Amy Tan, by Johansen Krause, courtesy Newseum
Group Travel Leader
Published August 21, 2014
WASHINGTON – The Newseum’s newest exhibit, “The Boomer List,” spotlights 19 baby boomers who made headlines over the years with portraits by renown photographer Timothy Greenfield-Sanders. Large-format photographs of these influential baby boomers will line the museum’s walls starting September 26 through July 5, 2015.
The exhibit, in partnership with AARP, highlights one prominent baby boomer born each year of the baby boom, from 1946 to 1964. An interactive kiosk allows visitors to see behind-the-scenes images of Greenfield-Sanders’ photo shoots.
“Timothy Greenfield-Sanders’ striking images showcase 19 people who’ve had a profound impact not just within their generation, but on the entire American experience,” said Cathy Trost, senior vice president of exhibits and programs at the Newseum. “This year, as the last of the boomers turn 50, these remarkable individuals and their stories offer revealing perspectives on the news and events that continue to shape our culture today.”
The 19 men and women selected for “The Boomer List” are:
1946: Tim O’Brien, Vietnam veteran/author
1947: Deepak Chopra, M.D., New Age guru
1948: Samuel L. Jackson, actor
1949: Billy Joel, singer/songwriter
1950: Steve Wozniak, co-founder, Apple Computer
1951: Tommy Hilfiger, fashion designer
1952: Amy Tan, author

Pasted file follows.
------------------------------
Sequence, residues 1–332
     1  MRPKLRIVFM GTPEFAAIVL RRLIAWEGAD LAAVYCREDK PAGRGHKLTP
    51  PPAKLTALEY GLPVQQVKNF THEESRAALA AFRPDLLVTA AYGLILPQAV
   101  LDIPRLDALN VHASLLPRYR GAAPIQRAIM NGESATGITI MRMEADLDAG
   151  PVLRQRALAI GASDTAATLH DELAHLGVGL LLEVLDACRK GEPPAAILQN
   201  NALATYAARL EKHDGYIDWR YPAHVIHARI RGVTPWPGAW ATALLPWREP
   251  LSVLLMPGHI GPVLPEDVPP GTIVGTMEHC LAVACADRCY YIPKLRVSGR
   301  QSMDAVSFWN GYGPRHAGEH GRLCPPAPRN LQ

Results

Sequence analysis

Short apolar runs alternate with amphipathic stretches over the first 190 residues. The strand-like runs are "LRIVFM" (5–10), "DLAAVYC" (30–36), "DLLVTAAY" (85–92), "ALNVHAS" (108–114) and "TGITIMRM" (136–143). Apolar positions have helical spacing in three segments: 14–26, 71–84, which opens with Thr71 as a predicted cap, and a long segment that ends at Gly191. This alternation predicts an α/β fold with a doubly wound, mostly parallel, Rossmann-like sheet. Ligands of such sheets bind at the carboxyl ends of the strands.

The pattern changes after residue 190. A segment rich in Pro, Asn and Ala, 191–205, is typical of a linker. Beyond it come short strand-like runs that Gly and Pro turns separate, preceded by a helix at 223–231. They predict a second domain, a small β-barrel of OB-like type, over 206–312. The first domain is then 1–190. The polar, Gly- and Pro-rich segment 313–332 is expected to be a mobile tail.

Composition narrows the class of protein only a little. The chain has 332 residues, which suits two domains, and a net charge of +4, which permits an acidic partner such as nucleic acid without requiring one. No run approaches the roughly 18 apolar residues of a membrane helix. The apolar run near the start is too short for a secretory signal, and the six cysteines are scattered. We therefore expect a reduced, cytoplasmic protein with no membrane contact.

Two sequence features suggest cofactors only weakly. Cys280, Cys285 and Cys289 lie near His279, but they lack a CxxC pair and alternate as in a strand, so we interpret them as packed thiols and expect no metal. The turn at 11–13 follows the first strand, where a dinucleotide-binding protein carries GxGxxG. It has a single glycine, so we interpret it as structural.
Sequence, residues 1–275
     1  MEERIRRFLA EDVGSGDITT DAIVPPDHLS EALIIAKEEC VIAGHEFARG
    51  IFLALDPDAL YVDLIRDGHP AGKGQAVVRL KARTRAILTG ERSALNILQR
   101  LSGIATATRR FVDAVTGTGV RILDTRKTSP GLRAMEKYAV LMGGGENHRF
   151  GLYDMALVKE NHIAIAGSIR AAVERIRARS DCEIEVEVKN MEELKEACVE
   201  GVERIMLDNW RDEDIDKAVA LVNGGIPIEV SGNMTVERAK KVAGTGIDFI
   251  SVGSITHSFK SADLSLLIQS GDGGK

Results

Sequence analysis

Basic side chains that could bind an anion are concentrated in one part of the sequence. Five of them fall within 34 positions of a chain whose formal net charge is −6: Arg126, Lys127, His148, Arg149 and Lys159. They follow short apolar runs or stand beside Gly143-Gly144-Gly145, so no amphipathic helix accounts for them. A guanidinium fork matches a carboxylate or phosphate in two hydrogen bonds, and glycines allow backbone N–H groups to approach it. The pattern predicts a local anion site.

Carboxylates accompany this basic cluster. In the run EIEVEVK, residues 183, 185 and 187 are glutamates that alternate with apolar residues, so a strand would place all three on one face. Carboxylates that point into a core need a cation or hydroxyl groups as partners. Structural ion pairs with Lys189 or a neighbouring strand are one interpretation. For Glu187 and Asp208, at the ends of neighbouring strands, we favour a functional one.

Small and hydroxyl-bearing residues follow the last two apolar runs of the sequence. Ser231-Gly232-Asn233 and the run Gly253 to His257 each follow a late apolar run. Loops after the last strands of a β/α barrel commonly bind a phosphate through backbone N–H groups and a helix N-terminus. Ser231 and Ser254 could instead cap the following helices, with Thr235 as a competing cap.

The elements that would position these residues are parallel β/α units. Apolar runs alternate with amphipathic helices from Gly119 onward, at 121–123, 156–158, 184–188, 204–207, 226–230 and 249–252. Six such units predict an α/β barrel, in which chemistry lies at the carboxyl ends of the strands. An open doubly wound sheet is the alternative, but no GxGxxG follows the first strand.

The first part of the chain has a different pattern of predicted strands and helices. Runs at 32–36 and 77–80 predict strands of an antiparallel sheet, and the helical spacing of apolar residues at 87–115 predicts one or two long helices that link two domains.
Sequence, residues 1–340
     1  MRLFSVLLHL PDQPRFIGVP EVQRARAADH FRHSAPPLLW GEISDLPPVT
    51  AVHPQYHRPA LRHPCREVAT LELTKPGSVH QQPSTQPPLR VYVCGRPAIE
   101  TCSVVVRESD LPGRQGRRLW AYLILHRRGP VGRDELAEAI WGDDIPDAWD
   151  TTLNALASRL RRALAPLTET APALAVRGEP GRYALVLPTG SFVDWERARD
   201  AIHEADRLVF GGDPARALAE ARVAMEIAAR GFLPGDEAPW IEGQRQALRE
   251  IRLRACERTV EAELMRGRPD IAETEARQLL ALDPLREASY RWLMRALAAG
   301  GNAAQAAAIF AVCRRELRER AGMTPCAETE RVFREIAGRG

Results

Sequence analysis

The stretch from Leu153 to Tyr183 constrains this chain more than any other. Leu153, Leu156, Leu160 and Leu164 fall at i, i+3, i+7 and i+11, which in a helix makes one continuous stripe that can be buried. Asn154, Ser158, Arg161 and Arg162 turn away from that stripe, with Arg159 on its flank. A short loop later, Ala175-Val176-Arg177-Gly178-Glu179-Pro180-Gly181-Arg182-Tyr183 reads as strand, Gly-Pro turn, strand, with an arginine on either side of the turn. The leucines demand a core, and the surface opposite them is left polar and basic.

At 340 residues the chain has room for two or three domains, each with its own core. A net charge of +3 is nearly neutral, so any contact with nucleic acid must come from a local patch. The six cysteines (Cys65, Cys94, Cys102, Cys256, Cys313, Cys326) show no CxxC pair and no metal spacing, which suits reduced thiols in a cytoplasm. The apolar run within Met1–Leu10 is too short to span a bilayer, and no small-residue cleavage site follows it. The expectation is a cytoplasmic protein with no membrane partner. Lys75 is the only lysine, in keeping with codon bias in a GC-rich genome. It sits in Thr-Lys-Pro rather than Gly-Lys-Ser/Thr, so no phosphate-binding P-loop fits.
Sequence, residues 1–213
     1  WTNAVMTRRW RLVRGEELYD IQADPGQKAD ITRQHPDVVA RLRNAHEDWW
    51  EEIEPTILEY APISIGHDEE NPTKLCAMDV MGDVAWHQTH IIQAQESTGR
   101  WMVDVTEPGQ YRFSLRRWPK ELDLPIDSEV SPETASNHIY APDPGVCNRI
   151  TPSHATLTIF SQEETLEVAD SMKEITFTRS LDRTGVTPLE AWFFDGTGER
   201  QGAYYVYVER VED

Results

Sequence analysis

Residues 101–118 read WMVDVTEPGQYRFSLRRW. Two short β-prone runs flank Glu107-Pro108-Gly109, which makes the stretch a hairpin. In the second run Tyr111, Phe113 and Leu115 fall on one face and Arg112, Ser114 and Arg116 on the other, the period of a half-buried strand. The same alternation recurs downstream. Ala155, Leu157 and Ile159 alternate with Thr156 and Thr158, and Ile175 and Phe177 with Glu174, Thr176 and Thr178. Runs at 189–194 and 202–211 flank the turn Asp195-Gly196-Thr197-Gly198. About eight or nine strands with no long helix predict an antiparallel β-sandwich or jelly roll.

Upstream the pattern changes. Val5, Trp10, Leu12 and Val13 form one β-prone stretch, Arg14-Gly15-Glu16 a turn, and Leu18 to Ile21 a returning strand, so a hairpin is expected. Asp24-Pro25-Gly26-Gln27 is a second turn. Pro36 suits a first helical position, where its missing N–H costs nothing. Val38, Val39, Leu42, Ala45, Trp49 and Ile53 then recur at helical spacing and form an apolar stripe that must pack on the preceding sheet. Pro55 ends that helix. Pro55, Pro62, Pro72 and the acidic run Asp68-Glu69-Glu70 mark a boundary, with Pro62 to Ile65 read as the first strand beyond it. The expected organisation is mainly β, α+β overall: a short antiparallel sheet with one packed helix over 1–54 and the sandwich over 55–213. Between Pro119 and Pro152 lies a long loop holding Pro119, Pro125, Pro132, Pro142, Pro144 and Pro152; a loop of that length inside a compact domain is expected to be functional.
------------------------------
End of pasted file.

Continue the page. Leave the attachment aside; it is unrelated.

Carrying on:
1953: Eve Ensler, playwright
1954: Julieanna Richardson, founder, The HistoryMakers
1955: Maria Shriver, journalist
1956: Kim Cattrall, actress
1957: Virginia Rometty, CEO, IBM
1958: Ellen Ochoa, Director, Johnson Space Center
1959: Ronnie Lott, athlete
1960: Erin Brockovich, environmentalist
1961: Peter Staley, AIDS activist
1962: Rosie O’Donnell, entertainer
1963: David LaChapelle, artist
1964: John Leguizamo, actor
The exhibit also uses a timeline of historic events to reveal some of the defining moments of the baby boom generation. More than 30 iconic boomer objects will help to personalize that history, such as an original 1959 Barbie doll, a 1964 G. I. Joe action figure and a transistor radio.
The exhibit focuses on news events and pop culture moments that defined the country from 1946 to 1982, when the last boomers turned 18. A scent station triggers memories from the time period, including the scent of fresh-cut crass to symbolize the boomers’ move to the suburbs.
In addition to the exhibit, an American Masters documentary film titled “The Boomer List will premier nationwide on September 23 on PBS. The film will also run at the Newseum’s Documentary Theater twice a day on weekends throughout the run of the exhibit.
For more information, visit www.newseum.org/exhibits/upcoming/the-boomer-list.